>> ifill: house speaker john boehner said there's no provision for ever balancing the budget. republican leaders promise to offer their own plan this spring. we dig a little deeper into the budget, beginning at the white house. i spoke with shaun donovan director of the office of management and budget, a short time ago. director donovan, welcome. much of the advance, discussion about the president's budget including what we see in the actual document focuses on the plight or kerns of the middle class. why is your approach better than any other on that? >> because i think what we've really done is look at what are the core things that are eating away at the fortunes of the middle class in this country and first of all we have to make sure that paychecks go farther. we know that familiar his are struggling to afford childcare, struggling to afford to send their kids to college. so what we have is a comprehensive proposal to make paychecks go farther today. at the same time, we've got to look to the future and say, what
are the ways we're going to grow the good middle class jobs of the future? that means we've got to invest in manufacturing our infrastructure. we've got to make sure we remain the best in the world at new things, that means research and development. we have to make sure that as we create the jobs in the future that americans are ready to take them so in this budget we doubled the number of slots for job training, doubled the number of apprenticeships and we made sure that community college is going to be like high school is today. in the future, everyone should be able to go to community college and that the why free community college is a key part of the budget. >> ifill: when you use the word "invest," republicans hear spend and tax. how do you hope to make progress with your priorities if the -- if that's the translation of "invest." >> in ten years we achieve
$1.8 trillion in deficit reduction, that's undeniable if you look at the numbers. second, what we're doing is taking a bipartisan example the so-called murray-ryan deal that was reached two years ago we're taking that and building on it. we're saying let's get rid of harmful cuts called sequestration and do them dollar for dollar on the defense side and pay for them on revenue side overlong term. that made progress two years ago on the budgeted and the model we build on. >> ifill: you're talking about raising taxons corporate profits, raising taxons nadges firms and inher tabs taxes. why isn't that as some republicans are describing i think paul ryan called it envy economics or chases war? >> an example on capital gains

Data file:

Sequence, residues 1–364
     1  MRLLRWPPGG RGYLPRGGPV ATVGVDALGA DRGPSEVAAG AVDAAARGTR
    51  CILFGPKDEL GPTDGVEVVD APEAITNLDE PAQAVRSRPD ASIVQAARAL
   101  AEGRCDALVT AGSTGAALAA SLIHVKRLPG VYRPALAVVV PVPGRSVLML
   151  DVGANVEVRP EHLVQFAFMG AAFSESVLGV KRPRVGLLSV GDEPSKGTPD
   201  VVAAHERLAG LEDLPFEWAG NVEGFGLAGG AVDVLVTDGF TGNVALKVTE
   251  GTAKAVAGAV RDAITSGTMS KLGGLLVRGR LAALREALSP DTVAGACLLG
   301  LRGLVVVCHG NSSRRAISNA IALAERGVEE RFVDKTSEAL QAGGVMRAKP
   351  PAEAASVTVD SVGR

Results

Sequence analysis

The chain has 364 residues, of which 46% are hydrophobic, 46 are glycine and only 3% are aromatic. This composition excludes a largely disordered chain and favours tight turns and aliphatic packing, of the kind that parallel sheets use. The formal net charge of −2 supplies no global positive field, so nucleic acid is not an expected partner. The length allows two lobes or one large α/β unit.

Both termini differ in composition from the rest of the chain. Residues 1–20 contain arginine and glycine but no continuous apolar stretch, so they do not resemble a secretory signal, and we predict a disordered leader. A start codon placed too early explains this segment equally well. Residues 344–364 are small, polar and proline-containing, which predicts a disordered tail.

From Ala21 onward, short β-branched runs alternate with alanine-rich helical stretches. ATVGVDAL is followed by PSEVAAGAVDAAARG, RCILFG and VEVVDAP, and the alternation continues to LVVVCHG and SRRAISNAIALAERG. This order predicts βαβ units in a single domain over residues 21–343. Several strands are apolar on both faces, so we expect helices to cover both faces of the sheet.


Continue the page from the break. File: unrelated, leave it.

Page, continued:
right now a family forced to sell, whether their home or a business before they die, they're taxed at regular rates. if a family is wealthy enough to be able to hold on to that asset and pass it on to their kids, they're taxed at a much, much lower rate on that asset. so what we're really trying to achieve here is fairness, and as the president said we're asking the wealthiest in the country to pay a little bit more. 99% of the cost of the capital gains proposal would come from the wealthiest 1% in the country. we think that is a very reasonable proposal. so we're proposing that. at the same time, we're proposing hundreds of billions of dollars of savings on the spending side as well, so we're proposing a balanced plan that we think has a real chance of getting done this year. >> ifill: do you have any reason to believe that there is any consensus or any willingness on the part of the people who are going to receive this budget